But by now we are feeling a bit ill at ease with the revenge thing – and that is the point.
The novel is unashamedly a thriller-romance. And you can sweep through it just for that. But if you wish to slow down and consider the implications of what is happening, you realize, you are facing some deep moral questions. Simply stated, when is it all right to kill?
I personally find capital punishment dangerous to rational civilization in which at least lip service is paid to justice. Errors are possible, groups are disadvantaged, and DNA tests have exonerated more than one condemned man in the last ten years. It also seems repugnant for the state to have the right to end a human life when execution demonstrably has no deterrent effect on other murderers. Killers do not commonly weigh the risks of their kill before undertaking it. Even the argument that “the use of killing is to show killing is wrong” is deeply flawed.
And yet…I understand the deep satisfaction of revenge, particularly against someone who has grievously harmed the innocent, and I include in this the gratuitous harm of animals. I do not believe that human life, per se, is any more ‘sacred’ (a word that has absolutely no meaning) than any other life. All vertebrates appear capable of affection, and many show signs of self-awareness, sorrow, and moral behavior. And they know when someone is killing them. (Before you ask, yes, I am a vegetarian.)
My own personal morality – which I admit is both self-contradictory and slightly biblical – is that to the extent possible, we should not harm other creatures. All things deserve to have a go at survival. But if a person causes unnecessary pain and harm to a creature for pleasure or profit, that person foregoes the right to be unharmed in return. Consequently, while I am still against capital punishment as it stands (see explanation above) in the cases of George Bush, Dick Cheney, neocon war mongers in general, certain Middle Eastern heads of state of all religions, the creepy dentist who killed Cecil the Lion, wild life poachers and trophy hunters, and all those who abuse domestic animals – I would make an exception.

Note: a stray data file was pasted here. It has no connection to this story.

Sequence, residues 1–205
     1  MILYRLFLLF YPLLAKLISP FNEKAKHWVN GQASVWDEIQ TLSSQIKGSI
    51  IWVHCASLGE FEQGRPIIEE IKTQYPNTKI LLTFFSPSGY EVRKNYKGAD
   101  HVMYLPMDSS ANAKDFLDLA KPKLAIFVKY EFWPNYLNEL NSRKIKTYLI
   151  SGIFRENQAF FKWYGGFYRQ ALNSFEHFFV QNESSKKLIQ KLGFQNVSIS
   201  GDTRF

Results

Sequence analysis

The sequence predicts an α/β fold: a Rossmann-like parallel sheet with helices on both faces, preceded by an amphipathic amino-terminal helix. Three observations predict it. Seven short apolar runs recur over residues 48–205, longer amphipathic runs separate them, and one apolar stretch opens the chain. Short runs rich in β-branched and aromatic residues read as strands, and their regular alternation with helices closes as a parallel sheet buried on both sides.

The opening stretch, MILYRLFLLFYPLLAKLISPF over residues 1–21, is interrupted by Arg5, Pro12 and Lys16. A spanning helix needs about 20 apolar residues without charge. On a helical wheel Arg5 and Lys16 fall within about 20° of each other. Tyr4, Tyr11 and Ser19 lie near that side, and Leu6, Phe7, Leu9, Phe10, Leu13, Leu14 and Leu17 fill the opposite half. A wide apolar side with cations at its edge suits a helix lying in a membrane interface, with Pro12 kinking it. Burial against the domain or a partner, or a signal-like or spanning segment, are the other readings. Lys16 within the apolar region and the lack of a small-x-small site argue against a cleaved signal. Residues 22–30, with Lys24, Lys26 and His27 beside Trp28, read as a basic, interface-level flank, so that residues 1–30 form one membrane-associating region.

However…. (you knew that ‘however’ was coming, didn’t you?), while revenge is sweet, it’s hard to keep under control, and Dian’s Ghost is set in Africa during the vast paroxysm of revenge called the Rwandan genocide. It swept the entire country, even the Virunga slopes where the mountain gorillas lived.
So, here we are, two women are falling in love, one devoted to caring for animals, the other heavy with the guilt of avenging them, in the midst of a gargantuan national turmoil. We have romance and we have action, not so much car chases, as “machete chases” that usually do not end well. And running for your life with gorillas through the mountain rain forest puts a real damper on hot sex.
Still, the story is not a tragedy, for it ends with hope. Both fictionally and historically, many good souls carry a bit of Dian’s ghost in them, and some will return (and have returned) to Rwanda to carry on the work. There are still cute baby gorillas to love.
As for the double murder by our heroine in Chapter One, well, you’ll have to find out for yourself how that is resolved.